is a short and angry book. Unlike many another volume of social 
criticism by an academic, it does not mediate or diffuse that anger 
through carefully rehearsed stagings of the author’s theoretical 
affiliations. She just gets right down to it.

The fact that gay figures (real or fictional) are now often routinely 
shown in the media is not, she points out, “progressive” as such: “They 
often portray the gay person as pathological, lesser than, a side-kick 
in the Tonto role, or there to provide an emotional catharsis or to make 
the straight protagonist or viewer a ‘better’ person. What current 
cultural representations rarely present are complex human beings with 
authority and sexuality, who are affected by homophobia in addition to 
their other human experiences, human beings who are protagonists. That 
type of depth and primacy would force audiences to universalize gay 
people, which is part of the equality process. It would also force an 
acknowledgment of heterosexual cruelty as a constant and daily part of 
American life.”

One of the most devastating and persistent forms of such cruelty, in 
Schulman’s assessment, is the experience of shunning or forthright 
attack by family members – reinforced by the silence of other relatives 
who may not be actively homophobic, but whose passivity makes them 
complicit. The effect is what she calls “homophobic trauma,” which tends 
to go unidentified and unnamed.

"For the most part,” she writes, “victimized gay people are expected to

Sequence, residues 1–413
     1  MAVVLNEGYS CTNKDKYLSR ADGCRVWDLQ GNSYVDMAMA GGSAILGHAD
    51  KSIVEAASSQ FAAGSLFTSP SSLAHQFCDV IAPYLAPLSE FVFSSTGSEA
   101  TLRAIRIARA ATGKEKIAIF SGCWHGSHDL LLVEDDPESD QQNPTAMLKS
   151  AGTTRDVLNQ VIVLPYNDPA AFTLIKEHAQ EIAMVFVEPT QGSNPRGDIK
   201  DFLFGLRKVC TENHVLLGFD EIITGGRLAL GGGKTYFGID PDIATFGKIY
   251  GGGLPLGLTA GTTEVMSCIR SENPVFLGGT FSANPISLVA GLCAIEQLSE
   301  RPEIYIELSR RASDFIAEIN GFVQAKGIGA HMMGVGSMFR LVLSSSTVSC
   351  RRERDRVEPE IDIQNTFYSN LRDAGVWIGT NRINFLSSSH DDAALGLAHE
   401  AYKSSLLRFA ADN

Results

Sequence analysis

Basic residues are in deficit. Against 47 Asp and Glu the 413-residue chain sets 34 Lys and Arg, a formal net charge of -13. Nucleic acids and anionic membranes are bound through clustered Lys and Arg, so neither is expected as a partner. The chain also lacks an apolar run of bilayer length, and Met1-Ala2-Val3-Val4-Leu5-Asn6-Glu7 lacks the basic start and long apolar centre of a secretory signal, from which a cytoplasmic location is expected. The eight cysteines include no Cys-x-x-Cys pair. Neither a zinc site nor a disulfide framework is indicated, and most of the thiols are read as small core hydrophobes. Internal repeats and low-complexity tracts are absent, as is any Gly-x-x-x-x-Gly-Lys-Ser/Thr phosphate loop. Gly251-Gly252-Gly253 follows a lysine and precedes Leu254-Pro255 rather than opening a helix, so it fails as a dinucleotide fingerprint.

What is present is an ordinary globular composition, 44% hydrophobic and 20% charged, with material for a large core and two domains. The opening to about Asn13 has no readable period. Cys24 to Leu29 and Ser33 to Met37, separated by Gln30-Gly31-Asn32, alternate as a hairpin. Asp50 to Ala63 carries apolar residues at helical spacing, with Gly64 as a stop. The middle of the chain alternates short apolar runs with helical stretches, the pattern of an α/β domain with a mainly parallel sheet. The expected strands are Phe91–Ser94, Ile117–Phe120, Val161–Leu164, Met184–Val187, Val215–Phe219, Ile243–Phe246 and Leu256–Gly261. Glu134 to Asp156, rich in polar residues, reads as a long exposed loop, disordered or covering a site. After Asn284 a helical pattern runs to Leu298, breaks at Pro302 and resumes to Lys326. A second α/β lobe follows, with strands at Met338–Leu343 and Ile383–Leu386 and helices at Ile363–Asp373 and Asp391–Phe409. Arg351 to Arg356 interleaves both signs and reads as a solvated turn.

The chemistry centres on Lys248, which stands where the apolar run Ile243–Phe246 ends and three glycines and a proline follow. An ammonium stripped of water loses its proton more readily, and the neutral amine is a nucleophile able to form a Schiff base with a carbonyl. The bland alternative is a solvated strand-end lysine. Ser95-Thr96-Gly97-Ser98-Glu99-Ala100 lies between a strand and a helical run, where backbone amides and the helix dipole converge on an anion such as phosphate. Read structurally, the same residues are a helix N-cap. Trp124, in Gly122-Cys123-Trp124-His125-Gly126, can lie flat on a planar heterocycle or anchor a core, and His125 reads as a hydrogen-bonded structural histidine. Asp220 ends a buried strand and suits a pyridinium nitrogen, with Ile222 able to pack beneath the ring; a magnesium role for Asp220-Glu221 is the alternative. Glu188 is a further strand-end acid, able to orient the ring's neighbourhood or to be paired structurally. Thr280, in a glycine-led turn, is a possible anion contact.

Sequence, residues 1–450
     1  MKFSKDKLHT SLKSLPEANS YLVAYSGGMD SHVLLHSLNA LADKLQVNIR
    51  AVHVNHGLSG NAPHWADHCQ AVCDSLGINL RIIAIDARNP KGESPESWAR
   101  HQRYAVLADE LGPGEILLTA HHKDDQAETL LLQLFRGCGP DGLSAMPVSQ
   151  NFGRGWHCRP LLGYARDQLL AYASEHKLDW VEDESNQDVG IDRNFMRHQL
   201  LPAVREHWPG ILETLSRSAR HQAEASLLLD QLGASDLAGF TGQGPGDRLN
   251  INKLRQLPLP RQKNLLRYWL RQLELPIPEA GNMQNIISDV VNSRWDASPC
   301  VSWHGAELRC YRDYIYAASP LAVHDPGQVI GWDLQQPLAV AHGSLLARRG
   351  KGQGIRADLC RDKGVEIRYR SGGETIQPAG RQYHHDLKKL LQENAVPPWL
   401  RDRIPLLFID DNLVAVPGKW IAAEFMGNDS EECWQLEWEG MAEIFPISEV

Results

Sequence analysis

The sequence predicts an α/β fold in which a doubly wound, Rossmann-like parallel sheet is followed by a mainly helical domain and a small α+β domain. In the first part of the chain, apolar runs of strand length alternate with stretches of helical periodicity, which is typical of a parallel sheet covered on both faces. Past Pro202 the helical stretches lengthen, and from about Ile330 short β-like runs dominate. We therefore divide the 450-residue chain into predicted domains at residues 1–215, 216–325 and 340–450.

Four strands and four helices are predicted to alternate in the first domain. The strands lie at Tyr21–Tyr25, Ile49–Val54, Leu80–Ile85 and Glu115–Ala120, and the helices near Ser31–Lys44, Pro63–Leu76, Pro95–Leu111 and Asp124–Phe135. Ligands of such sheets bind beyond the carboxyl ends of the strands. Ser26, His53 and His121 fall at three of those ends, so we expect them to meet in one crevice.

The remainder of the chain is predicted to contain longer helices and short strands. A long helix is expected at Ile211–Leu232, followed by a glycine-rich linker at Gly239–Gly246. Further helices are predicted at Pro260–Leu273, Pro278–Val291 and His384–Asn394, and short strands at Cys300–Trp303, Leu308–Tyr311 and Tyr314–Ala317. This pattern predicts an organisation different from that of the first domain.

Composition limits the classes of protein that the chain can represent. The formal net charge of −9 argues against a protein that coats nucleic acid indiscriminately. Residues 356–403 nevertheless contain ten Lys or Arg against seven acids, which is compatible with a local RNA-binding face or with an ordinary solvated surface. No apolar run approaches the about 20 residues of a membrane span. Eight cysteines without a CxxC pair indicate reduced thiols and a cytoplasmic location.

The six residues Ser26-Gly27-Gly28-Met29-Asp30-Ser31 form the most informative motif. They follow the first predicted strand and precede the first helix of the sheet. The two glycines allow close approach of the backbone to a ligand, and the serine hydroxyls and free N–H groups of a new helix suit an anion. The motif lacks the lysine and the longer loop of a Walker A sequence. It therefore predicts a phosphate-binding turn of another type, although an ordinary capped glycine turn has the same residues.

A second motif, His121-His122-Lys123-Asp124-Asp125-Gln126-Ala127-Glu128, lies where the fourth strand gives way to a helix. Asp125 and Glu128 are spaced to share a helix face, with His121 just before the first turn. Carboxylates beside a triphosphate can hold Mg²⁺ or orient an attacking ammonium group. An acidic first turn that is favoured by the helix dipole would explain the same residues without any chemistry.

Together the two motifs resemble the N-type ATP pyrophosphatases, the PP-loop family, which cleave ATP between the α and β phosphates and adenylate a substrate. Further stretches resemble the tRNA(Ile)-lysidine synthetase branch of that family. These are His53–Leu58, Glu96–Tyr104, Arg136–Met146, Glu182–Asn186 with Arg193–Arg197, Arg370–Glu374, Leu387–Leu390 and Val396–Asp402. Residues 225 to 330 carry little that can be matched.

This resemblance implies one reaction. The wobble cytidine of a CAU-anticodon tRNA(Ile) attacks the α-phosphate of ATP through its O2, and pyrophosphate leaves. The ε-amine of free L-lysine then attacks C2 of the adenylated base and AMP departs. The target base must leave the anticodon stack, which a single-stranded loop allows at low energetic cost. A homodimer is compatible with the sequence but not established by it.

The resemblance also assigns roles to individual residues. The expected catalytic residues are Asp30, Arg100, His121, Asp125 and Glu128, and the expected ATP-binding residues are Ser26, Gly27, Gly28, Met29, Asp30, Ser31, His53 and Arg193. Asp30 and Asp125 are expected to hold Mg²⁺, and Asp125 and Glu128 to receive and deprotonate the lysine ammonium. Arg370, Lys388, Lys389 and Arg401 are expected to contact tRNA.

grin and bear it. They are expected to be made better and stronger by 
the cruelty they face instead of being diminished and destabilized.”

Over the weekend (not long before heading off to march, actually) I 
exchanged e-mails with the author, and asked if there some influence on 
her thinking that might not be evident from reading her book The answer 
came as a surprise: Edward Said’s Orientalism, where Schulman found “the 
acknowledgment that there are unnamed structures which heavily determine 
the behavior and experience of perpetrators and recipients, but which 
are considered to be neutral or natural or simply not happening.”

That connection did not jump out at me while reading Ties That Bind, and 
I may have to think about it for a while longer before it seems clear. 
But Schulman pressed the point. “Once you identify the structure, name 
it, and come to an understanding of how it works, what it does to people 
and what it relies on,” she continued, “then entirely new worlds of 
recognition are possible.”

In her book, Schulman offers a strategy for dealing with homophobic 
trauma: Homophobia should be identified as a sickness, with families 
court-ordered into treatment programs. This is more like Foucault’s 
Discipline and Punish by way of Madness and Civilization. The cure 
sounds as bad as the disease -- and in any case ineffectual, unless the 
next step is electroshock for knuckleheads.

It left me thinking of a comment by Bayard Rustin, an African-American 
activist who helped organize the March on Washington in 1963. He also 
happened to be gay. If memory serves, he was drawing a connection 
between his sense of the history of each movement's struggles when he 
wrote about the limitations of what you can expect from the state.

The law, he said, defines permissible action but not the content of 
anyone’s heart. A court can never oblige you to love your neighbors. But 
it has the right to place you in custody if you burn their house down.

Full equality for LGBT people is not a matter of eventually forcing 
bigots into group therapy for good. Besides, who want to wait that long? 
The cure for homophobic trauma can be found in the slogan that caught on 
after Stonewall: “Dare to snuggle, dare to win!” In other words, just 
traumatize 'em right back.